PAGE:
Labour will rethink social security policy after conference vote

This is another example of shadow Work and Pensions secretary Debbie Abrahams showing what a star she is.

Here is an MP who will stand up for jobseekers, the sick, the disabled, and anybody else in need of state financial support.

And who do we get from the Tories? David Gauke. Read This Site’s article about him and the contrast is stark.

A shadow cabinet member has supported calls by party members for Labour to come up with a stronger policy on reversing government cuts to social security spending.

Debbie Abrahams spoke out after Labour’s annual conference in Brighton voted overwhelmingly to ask the party’s policy-making machinery to reconsider its approach to reversing the government’s latest cuts to benefits.

In this year’s general election manifesto, Labour pledged to reverse some of the government’s latest cuts to social security, but there was frustration among many activists that it failed to go further.

The manifesto committed £2 billion a year towards “fixing” universal credit and other elements of social security policy, scrapping the bedroom tax and reversing the cuts of £30 a week for new claimants placed in the employment and support allowance work-related activity group.

The Labour manifesto also pledged to repeal new regulations that will make it harder for people with mental health problems to claim the mobility component of personal independence payment, and promised other measures such as scrapping the work capability and PIP assessments.

But there was no manifesto commitment to scrapping the benefit cap – although Labour has since suggested it would remove it, after a court ruled that imposing the cap on lone parents with children under two was unlawful and discriminatory – or the continuing freeze on many working-age benefits, which will take billions more out of the social security budget.

But an overwhelming vote at this week’s conference in Brighton called on the party to be more explicit in its opposition to all the cuts currently being implemented, and to promise to reverse them.

Debbie Abrahams told Disability News Service: “I welcome what conference had to say. It is up to the National Policy Forum now.

“It will be reviewed and I am sure and I hope the shadow Treasury team will be listening to what the members had to say.”

And she said she was sympathetic to what party members had called for in the vote.

She had earlier told a fringe meeting that the party would have to go through each of the government’s cuts “line by line”.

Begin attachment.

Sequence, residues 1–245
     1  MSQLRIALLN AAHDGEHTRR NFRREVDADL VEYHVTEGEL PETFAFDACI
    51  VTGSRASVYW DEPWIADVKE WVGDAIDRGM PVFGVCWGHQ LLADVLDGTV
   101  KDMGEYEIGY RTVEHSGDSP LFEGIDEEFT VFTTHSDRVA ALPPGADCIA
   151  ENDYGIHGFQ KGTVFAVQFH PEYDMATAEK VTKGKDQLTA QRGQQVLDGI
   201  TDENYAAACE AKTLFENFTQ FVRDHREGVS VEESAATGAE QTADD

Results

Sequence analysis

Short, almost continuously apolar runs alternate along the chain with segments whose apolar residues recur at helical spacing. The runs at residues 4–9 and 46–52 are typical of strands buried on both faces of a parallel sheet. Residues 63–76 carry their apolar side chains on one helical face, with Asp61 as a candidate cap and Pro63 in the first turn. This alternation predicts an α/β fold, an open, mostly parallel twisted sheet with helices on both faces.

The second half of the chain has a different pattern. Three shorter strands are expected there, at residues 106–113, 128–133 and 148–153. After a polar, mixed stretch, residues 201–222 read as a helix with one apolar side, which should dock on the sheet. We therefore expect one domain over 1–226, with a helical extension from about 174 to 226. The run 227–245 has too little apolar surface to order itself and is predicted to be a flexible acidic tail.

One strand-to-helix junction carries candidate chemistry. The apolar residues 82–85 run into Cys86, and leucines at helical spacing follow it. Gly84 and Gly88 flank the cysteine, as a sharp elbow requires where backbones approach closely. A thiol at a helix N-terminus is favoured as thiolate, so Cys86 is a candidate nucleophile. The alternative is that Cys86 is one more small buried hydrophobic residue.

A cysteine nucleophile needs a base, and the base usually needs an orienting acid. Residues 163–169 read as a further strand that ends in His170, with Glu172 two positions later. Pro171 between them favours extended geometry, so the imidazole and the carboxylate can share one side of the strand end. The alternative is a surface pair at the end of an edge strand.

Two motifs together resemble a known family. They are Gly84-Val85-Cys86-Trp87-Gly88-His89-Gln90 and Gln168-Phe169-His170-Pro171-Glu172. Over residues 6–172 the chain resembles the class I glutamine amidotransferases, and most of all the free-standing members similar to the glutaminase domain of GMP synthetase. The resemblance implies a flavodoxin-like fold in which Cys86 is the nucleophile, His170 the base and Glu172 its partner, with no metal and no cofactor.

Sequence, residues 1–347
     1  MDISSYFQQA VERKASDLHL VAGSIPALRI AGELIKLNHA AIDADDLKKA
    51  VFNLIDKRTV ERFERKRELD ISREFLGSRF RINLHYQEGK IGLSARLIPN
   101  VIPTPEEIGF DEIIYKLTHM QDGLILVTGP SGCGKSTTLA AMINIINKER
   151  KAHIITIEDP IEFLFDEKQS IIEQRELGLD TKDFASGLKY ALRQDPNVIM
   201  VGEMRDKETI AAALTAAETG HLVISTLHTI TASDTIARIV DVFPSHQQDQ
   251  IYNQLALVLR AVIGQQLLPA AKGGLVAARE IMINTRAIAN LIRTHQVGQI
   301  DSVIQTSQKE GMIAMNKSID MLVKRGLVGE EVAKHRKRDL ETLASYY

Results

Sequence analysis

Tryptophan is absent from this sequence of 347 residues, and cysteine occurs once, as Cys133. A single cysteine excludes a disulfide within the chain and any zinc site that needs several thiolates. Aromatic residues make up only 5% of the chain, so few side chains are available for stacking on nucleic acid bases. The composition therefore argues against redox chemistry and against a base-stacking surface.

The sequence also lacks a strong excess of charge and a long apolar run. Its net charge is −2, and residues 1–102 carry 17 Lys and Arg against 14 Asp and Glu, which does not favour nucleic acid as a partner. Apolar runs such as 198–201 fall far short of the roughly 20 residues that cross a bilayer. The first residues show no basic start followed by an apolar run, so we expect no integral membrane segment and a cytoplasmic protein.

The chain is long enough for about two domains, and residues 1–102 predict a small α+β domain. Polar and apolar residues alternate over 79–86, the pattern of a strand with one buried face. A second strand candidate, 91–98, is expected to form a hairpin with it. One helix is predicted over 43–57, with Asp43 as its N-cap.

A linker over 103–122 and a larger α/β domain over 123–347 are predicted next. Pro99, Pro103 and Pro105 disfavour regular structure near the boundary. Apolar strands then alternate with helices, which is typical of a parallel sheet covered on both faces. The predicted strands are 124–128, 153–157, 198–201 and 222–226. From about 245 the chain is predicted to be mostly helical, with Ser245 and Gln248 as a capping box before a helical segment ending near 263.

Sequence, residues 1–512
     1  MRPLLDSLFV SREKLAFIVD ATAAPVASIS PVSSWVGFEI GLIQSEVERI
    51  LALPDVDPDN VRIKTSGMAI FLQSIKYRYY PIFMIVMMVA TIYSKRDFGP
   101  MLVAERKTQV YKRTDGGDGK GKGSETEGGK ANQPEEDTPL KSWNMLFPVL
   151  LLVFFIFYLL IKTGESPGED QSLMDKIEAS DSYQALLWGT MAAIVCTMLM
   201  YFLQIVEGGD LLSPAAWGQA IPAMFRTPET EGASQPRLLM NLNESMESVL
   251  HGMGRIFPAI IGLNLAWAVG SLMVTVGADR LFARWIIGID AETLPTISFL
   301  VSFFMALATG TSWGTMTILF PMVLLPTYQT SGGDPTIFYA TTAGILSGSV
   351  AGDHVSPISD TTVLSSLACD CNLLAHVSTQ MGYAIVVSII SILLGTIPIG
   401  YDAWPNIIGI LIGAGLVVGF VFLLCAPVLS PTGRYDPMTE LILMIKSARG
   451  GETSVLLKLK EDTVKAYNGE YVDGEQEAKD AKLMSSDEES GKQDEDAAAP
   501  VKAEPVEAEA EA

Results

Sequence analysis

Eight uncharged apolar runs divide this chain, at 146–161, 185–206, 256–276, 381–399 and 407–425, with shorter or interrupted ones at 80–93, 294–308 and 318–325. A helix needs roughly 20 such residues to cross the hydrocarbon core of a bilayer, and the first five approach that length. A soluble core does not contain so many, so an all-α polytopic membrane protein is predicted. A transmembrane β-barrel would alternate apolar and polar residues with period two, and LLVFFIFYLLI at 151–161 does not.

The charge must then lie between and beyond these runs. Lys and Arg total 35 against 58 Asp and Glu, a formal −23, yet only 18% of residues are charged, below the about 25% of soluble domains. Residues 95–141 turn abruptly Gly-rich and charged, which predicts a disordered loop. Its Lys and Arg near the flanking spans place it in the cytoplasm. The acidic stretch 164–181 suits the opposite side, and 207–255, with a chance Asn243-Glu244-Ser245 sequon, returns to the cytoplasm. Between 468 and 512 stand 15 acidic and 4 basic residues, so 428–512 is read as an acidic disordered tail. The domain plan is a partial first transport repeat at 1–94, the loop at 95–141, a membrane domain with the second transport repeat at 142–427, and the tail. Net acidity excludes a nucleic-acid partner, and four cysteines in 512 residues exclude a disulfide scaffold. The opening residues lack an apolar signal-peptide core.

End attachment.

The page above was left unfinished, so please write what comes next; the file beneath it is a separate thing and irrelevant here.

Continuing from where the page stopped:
She said she would pressure Labour’s Treasury team to reverse government cuts to social security and “will keep fighting to make sure that disabled people are not in the dire circumstances that they have been]over the last seven years”.

Source: Labour conference: Vote means party must rethink approach to social security cuts

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3 thoughts on “Labour will rethink social security policy after conference vote

  1. leonc1963

    We are still waiting for that impact assessment tool that has long been called for so perhaps that can be part of a Labour Inquiry of the Tories welfare reform that will finally expose what a shame it has been and stop the attacks this group of citizens has been suffering for too long

  2. Brian

    Were the Labour party in power, they would have no option other than to scrap this system to it’s bones, otherwise they to would be the de-facto practitioners of a corrupt and condemned system inherited from the Tories. I would suspect many who know the motives behind this system would desert the Labour party should changes not transpire.

  3. Samuel Miller (@Hephaestus7)

    On August 7 2016, I asked Jeremy Corbyn if he would campaign to rescind the ESA WRAG cuts, or take legal action to possibly stop them? He failed to respond. I asked Tom Watson that same question and his office replied that the Labour party would campaign against them. Well, their campaign has largely been invisible. I’ve mentioned many times that there hasn’t been a single mainstream media article on the life-threatening ESA WRAG since they went into effect on April 3, 2017. The Guardian needs to survey these vulnerable claimants and haven’t yet done so, despite my asking their disability columnist, Dr. Francis Ryan, to do so. Frankly, it’s a dereliction of duty on the part of Labour and the Guardian.

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